[US]F. Hilaire Thanatos 167: You’ve probably heard them called ‘low-riders.’ [...] three of them drove on me yesterday and said I had to be their kid.
[US]B. Rodgers Queens’ Vernacular 45: elderly man with a voracious appetite for young roosters [...] kid fruit [KF] (prison sl).
[US]Rapid City Jrnl (SD) 17 Jan. 31/1: An inmate and his kid discussed escaping.
[US]Bentley & Corbett Prison Sl. 60: Kid A passive homosexual partner. A person’s kid is his ‘punk.’.

12. (US black) a sophisticated person.

[US]H.E. Roberts Third Ear n.p.: kid n. one who is very aware, not easily fooled; a ‘hip’ person. e.g. They couIdn’t whip the game on the kid.

In derivatives

kiddish (adj.)

(US) childish, immature.

[US]‘Sing Sing No. 57,700’ My View on Books in N.Y. Times Mag. 30 Apr. 5/3: Whilomville Stories [...] Nix on this. It’s too kiddish and cuts no ice with yours truly.

In derivatives

kiddish (adj.) (also kid-like)

childish.

[UK]R. Broughton Cometh up as a Flower 10: I gambolled up to him in a kid-like manner.
[UK]‘Doss Chiderdoss’ ‘Unexpected Places’ Sporting Times 8 Mar. 1/3: His ticket soon was numbered, for our friend was promptly lumbered / On a game of nap, by someone slightly Yiddish; And I inwardly decided that he’d very soon be snided—For his innocence was absolutely kiddish.
[UK]Boy’s Own Paper 17 Dec. 186: It sounds so awfully kiddish.
[UK]Manchester Courier 28 Sept. 7/3: Mr T.H. Drinkwater said that it seemed to himn altogether ‘kiddish’.
[UK]Coventry Eve. Teleg. 12 May 2/4: It is a very kddish thing to my mind.
[UK]Western Dly Press 18 Dec. 11/1: Kids talking about Santa Claus, putting up their stockings, and such kiddish rot.
[US]J.T. Farrell ‘A Practical Joke’ in Short Stories (1937) 187: They tried to convince him that it had all been one of Noel’s kiddish jokes.
[UK]Post (Falkirk) 12 Oct. 9/5: Kiddish-looking heels!
[UK]M. Allingham Hide My Eyes (1960) 43: I thought the old sport would rather have his bits of nonsense kept somewhere where people who were kiddish like himself could enjoy them.
kidlet (n.) [dimin. sfx -let]

a small child or an affectionate term for a young woman; often in pl.

[UK]‘Doss Chiderdoss’ ‘Not a Bit Like It’ Sporting Times 15 Feb. 1/3: Now that he is the proud possessor of a particularly bald and painfuly precocious kidlet, he is not in the least surprised to find / That it’s rather too much for the pater.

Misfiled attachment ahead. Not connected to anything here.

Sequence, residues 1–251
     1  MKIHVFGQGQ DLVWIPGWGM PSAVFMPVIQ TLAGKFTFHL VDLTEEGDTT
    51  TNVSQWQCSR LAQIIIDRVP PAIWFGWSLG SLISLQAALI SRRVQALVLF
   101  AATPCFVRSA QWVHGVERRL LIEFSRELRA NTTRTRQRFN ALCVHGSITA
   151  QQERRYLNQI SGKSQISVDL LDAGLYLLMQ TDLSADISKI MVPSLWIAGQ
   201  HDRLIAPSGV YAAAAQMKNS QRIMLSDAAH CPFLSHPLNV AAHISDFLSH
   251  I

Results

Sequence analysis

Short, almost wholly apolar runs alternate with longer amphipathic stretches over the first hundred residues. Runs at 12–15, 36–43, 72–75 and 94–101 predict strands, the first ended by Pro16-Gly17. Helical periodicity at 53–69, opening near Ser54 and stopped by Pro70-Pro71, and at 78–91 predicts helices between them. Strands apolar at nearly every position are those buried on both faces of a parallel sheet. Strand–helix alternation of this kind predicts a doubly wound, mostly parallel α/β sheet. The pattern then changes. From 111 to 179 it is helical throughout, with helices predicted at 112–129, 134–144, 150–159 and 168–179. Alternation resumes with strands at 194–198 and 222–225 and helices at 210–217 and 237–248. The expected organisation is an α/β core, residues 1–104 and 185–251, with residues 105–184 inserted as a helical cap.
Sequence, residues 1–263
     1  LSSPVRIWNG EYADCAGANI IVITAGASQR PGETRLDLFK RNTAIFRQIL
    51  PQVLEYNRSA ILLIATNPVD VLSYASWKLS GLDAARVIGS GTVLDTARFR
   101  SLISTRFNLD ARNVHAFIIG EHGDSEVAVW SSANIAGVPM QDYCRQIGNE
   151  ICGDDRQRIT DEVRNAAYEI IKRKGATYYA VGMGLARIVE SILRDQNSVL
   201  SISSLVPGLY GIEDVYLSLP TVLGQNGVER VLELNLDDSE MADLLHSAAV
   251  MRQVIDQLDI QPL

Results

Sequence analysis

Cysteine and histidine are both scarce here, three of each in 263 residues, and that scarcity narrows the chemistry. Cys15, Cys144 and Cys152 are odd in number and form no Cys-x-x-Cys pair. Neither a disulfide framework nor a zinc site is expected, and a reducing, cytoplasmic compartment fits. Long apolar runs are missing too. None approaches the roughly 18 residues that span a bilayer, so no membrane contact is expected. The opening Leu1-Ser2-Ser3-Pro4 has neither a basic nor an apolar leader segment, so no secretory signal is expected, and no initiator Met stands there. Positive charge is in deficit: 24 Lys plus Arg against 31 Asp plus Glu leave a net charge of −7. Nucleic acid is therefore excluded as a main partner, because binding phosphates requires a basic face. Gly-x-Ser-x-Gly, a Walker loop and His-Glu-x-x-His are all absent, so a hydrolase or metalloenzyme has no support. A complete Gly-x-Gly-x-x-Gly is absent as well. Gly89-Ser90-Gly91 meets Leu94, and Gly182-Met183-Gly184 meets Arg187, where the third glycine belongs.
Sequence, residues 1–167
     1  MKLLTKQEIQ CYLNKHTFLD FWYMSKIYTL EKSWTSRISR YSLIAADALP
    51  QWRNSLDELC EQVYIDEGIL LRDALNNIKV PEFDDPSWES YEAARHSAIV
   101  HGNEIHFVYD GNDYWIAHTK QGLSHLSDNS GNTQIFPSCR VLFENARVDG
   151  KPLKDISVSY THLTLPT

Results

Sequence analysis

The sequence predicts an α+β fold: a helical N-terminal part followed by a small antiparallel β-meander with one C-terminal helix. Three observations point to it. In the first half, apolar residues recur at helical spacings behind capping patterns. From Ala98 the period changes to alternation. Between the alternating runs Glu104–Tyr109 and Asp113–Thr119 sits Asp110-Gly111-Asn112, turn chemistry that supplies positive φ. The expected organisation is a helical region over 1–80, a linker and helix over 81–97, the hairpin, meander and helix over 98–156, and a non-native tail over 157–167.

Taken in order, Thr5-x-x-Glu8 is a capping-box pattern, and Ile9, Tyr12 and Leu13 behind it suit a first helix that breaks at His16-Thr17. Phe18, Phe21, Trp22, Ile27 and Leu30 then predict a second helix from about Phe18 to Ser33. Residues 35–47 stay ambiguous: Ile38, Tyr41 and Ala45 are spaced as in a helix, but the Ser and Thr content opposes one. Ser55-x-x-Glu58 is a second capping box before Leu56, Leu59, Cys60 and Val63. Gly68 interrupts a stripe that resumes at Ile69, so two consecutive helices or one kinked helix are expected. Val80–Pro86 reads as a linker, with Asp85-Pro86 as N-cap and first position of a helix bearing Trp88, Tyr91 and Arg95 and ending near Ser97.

[US]J. Flynt Tramping with Tramps 31: The other ‘kidlets,’ as they were nicknamed, were as deformed morally as was the adopted girl physically.
[US]‘A-No. 1’ From Coast to Coast with Jack London 73: In our hands we hold the weal or woe of the four kidlets of the rear shack!

In compounds

kid bouncing (n.)

(UK Und.) frightening simpletons by telling frightening stories.

[UK]W. Hooe Sharping London 35: Kid Bouncing, frightening simpletons.
kid catcher (n.)

a truant officer, employed by the London School Board to track down those refusing to attend school.

[UK]York Herald 25 Nov. 2/3: The ‘kid-catcher’ [...] could still find children playing in the gutters.
[UK]Hartlepool Mail 8 Oct. 4/3: Whenever a youngster espies a [...] ‘kid-catcher’ — he almost invariably shows a clean pair of heels.
[US]People 30 Aug. in Ware (1909) 163/1: coroner: How did you escape the school board officers? – witness: I don’t know how I managed to escape the ‘kidcatcher’, sir, but I did it.
[UK]Hull Dly Mail 11 Oct. 2/3: The kid-catcher chased him f’r not goin’ to school last week.
[UK]Hull Dly Mail 13 Feb. 2/4: They will want a schoolmaster as well and a ‘kid-catcher’ to look after them.
[UK]Eve. Teleg. (Dundee) 28 Jan. 3/3: Alderman W.N. Smith [...] attendance officer for 13 years, said [...] he had been called ‘all kinds of names from kid catcher to kidnapper’.
kid flick (n.) [play on skin flick under skin adj.2 ]

(orig. US) a film or video recording aimed at the child audience; also attrib.

[US]Billboard 2 Sept. 18/2: Bobby Breen, former kid flick star .
[US]Vibe May 154/1: ‘You Want to Be a Hustler’ (which cleverly twists the theme from the 1976 kid flick Bugsy Malone).
Joe Knowles ‘Spirited Away’ In These Times 25 Oct. [Internet] Not surprisingly, the average Hollywood kidflick is a dreary studio exercise in cross-promotional synergy.
kid glove (n.) [pun on SE]

(US Und.) an elite tramp or criminal.

[US]J. Hawthorne Confessions of Convict 19: Jimmy Hope, the kid-glove bank-burglar.
[UK]P.H. Emerson Signor Lippo 41: Ten of them were good old waxies [...] but a quartette party that belonged to the troupe were too refined to mix with us. They were kid glove artistes.